Ostara, also known as ƒíostre, is a Germanic dawn goddess who is widely believed to be the namesake of the Easter festival. She is solely attested as ƒíostre in The Reckoning of Time by Bede in the 8th century CE, where it is stated that the month of Ēostre held festivals in her honour. Ēostre is the pagan Anglo-Saxon equivalent of the Easter celebration. These festivals were held throughout April and celebrated fertility and the renewal of life. She is always depicted as a young maiden: old enough to physically bear children but not a mother. Bede continued to say that the tradition had died out by his time, as it had been replaced by the later Christian belief that this period was the resurrection of Jesus. As this is the only example of a deity with this name, its authenticity had been called into question.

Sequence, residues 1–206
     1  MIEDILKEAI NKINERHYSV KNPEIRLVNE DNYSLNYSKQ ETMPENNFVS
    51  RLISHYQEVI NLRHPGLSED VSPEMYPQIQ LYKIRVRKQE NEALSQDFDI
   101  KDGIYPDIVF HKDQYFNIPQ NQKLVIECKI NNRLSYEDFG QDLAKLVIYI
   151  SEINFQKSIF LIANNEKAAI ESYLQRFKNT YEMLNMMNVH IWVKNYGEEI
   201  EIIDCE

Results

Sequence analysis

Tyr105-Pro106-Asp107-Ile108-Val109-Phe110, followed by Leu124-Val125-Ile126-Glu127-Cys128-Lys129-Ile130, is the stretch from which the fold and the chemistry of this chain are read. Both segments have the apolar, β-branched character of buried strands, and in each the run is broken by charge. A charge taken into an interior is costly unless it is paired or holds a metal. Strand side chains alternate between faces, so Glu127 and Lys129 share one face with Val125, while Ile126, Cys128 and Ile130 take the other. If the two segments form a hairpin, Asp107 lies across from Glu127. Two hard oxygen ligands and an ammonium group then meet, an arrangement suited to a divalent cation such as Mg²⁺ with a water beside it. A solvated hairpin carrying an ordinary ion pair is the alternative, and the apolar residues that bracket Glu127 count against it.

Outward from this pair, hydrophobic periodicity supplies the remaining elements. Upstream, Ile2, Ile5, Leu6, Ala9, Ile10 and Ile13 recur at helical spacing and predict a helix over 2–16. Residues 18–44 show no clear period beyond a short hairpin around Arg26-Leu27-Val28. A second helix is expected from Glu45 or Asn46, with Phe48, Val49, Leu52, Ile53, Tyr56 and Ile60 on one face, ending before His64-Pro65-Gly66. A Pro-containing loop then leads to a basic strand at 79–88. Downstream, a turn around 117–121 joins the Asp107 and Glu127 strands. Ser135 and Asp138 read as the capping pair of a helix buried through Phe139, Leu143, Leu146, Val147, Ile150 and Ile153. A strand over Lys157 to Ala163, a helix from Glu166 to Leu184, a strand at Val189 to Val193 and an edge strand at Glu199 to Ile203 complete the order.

However, in his 1835 Deutsche Mythologie, Jacob Grimm cited evidence that he believed could reconstruct a forgotten Germanic goddess. Her name appeared to have been preserved in the Old German name for Easter, Ôstara. As the name Ostara is feminine, she was certainly a female deity. Grimm believed that she was particularly prominent, with her worship so deeply rooted in pagan religion that the Christians tolerated the continuation of her name and applied it to their own celebration. In this context, Ostara was again a divinity of the dawn much like Ēostre. The deity was first mentioned in the Life of Charlemagne, dating to the 9th century CE by a monk named Einhard, who gives the name Ostaramonath as the old name for April.
Her festivals of joy and blessings in this month could have easily been adapted into the Christian tradition of resurrection of Jesus. Early Easter celebrations saw maidens being clothed in white to represent the return of spring; a trait which is suggestive of an ancient pagan fertility goddess. The custom of Easter eggs‚ is reminiscent of a spring pagan games challenge, with the egg seen as a symbol of fertility of the earth and the rebirth of nature.
Ostara has most recently been seen in the 2017 Amazon series American Gods, played by Kristin Chenoweth. In this, she is named as the origin of the Easter festival and referenced as one of the oldest gods in the world.
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